Dense embeddings for Text

You can use OpenAI's text-embedding-ada-002 to generate 1536-dimensional textual embeddings in the following manner:

Dense embeddings for Images

Numerous options exist for generating dense image embeddings. It's advisable to use a pre-trained model fine-tuned for your specific use case. If none are available, you can fine-tune your own. For this demonstration, we'll use OpenAI's CLIP to generate image embeddings, although these might not be ideal for your particular use case. It's recommended to host this model on a server, preferably on a GPU, similar to what we did with SPLADE (a basic T4 would work well).

In this tutorial, we'll demonstrate an e-commerce search implementation using various embedding generation methods we've discussed so far, such as sparse textual, dense textual, and dense visual embeddings. Employing dense textual embeddings might be overkill for e-commerce search, and they could potentially do more harm than good. A combination of sparse textual and dense visual embeddings should be sufficient for 99% of cases. However, we're including all methods for demonstration purposes.

Elasticsearch Indexing

For our e-commerce search, we can define following index mapping for our products index.

Once we define the mapping for the `products` index we can ingest each product to our index.

Elasticsearch Retrieval

After ingesting all the products, we can proceed with querying them. However, there are a few factors to consider before crafting a query. Although we'll write a single query, Elasticsearch will perform multiple sub-queries behind the scenes— one for dense-text, one for sparse-text, and one for dense-visual. Before combining the results, Elasticsearch can apply a boost factor ranging from 0 to 1 to individual sub-query. For instance, our final rank score could be:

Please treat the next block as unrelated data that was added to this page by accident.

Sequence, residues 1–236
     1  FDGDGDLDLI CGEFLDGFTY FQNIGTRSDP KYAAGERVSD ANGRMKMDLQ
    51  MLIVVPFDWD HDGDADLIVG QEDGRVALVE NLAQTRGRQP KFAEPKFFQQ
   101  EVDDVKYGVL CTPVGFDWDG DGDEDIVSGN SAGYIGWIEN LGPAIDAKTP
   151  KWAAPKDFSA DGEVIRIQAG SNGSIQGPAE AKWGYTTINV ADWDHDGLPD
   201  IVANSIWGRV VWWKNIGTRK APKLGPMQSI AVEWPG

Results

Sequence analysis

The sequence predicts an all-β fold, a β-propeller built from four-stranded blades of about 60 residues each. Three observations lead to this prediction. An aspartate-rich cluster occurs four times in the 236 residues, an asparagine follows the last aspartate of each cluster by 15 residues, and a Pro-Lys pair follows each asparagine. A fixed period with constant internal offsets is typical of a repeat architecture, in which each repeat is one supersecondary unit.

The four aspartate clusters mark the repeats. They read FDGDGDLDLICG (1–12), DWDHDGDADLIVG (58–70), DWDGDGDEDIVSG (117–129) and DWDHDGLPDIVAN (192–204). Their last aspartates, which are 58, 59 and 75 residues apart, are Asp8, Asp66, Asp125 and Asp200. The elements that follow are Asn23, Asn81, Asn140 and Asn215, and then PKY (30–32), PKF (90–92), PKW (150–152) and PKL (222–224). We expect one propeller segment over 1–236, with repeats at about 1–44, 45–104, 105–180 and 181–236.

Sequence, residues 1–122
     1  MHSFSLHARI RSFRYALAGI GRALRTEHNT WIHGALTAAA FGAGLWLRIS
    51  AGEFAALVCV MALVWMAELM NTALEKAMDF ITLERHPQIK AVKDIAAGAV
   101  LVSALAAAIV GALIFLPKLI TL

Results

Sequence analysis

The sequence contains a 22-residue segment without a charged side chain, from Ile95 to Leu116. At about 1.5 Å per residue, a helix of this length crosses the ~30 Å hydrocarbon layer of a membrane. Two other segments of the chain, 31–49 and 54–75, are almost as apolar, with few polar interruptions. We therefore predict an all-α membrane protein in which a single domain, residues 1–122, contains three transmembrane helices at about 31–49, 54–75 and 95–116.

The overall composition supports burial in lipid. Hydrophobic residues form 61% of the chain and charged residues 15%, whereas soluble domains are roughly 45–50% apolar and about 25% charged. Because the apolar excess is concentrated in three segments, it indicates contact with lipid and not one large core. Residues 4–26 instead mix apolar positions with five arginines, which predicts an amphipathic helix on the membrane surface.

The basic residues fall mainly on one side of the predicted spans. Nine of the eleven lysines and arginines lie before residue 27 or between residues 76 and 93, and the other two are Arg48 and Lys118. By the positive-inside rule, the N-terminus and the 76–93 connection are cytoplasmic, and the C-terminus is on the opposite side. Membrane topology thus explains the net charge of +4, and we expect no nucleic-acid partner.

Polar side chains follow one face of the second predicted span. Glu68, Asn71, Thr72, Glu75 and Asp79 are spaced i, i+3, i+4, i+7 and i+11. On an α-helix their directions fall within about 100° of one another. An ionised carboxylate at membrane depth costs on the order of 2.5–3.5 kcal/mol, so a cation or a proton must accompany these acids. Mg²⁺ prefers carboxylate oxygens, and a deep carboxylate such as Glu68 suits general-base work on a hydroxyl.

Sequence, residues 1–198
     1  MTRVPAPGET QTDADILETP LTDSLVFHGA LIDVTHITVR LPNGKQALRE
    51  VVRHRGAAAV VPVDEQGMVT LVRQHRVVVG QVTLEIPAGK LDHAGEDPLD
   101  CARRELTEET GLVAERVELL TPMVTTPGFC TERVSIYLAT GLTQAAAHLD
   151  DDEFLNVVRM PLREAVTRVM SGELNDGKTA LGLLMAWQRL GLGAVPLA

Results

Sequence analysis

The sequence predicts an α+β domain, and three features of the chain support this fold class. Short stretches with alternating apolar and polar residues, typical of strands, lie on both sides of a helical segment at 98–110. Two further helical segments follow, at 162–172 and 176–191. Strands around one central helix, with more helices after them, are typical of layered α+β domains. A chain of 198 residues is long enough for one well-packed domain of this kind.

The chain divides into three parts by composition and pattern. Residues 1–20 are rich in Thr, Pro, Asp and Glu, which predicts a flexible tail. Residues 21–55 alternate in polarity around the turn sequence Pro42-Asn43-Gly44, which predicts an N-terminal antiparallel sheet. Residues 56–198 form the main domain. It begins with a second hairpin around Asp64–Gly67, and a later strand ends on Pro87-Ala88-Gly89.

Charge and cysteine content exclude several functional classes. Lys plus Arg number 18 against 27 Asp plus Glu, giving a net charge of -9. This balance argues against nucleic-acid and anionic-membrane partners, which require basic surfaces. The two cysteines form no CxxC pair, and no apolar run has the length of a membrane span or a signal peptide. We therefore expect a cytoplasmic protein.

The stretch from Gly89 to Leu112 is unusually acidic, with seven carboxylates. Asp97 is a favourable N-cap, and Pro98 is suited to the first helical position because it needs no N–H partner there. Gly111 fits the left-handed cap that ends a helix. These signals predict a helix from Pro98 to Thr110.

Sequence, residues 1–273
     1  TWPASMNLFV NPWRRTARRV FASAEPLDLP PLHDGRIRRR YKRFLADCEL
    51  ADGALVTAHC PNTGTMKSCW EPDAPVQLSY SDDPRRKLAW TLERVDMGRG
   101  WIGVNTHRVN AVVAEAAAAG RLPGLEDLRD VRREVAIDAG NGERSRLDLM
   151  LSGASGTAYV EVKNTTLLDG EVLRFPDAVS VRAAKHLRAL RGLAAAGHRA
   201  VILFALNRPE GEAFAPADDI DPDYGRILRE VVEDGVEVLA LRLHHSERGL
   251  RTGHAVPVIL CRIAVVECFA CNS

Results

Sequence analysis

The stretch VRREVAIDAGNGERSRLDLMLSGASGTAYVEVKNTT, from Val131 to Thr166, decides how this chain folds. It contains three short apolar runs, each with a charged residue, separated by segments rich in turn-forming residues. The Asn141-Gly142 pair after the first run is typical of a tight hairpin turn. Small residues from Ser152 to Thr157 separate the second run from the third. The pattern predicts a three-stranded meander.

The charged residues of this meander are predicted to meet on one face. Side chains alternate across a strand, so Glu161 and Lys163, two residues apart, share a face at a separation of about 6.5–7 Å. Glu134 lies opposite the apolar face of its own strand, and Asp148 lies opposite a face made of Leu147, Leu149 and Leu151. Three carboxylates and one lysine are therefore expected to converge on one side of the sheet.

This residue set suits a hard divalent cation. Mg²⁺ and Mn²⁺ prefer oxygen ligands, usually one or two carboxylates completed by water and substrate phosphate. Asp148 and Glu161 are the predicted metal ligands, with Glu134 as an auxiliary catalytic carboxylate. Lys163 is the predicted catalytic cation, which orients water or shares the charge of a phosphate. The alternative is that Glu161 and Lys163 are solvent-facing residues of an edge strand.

\[\text{Score}(\text{q}) = 0.1 \times \text{dense\_text\_q} + 0.3 \times \text{dense\_visual\_q} + 0.6 \times \text{sparse\_text\_q}\]

However, this assumes that all scores from different sub-queries fall within the same range, which is not the case. dense_text embeddings generated using OpenAI are normalized, resulting in a similarity score ranging from [0, 1]. sparse_text embeddings generated using SPLADE are not normalized, leading to unknown score ranges. The same applies to dense_visual embeddings. To ensure that all three embeddings have an equal effect on search results, using an equal boost factor of 0.33 for sub-queries won't suffice. Instead, we must devise a unique boost factor for each sub-query based on our specific use case. You can use trial-and-error or benchmarking, whichever works for you. Additionally, a technique you could try is to normalize the scores to fit within a range of 0 to 1, through the use of min-max normalization.

You might wonder if normalizing all embeddings before indexing them would resolve this issue. However, normalizing embeddings might do more harm than good because each of the models discussed so far was trained using dot-product, so using cosine similarity wouldn't guarantee the same results. This problem is not specific to Elasticsearch but is common across retrieval systems. Even when using Pinecone, you would still need to determine an appropriate alpha value (Pinecone's version of boost) based on your use case. Despite these challenges, implementing hybrid search using Elasticsearch or even Pinecone remains feasible if the correct boost factor values are employed in the convex combination.

Now let's query our products index to search a blue denim jeans by Banana Republic. We only want top 10 results.

You can try any combination of boost multipliers based on your specific use-case.

Thank you for reading, and I hope you found this useful. If you have any questions, you can email me or follow me at twitter.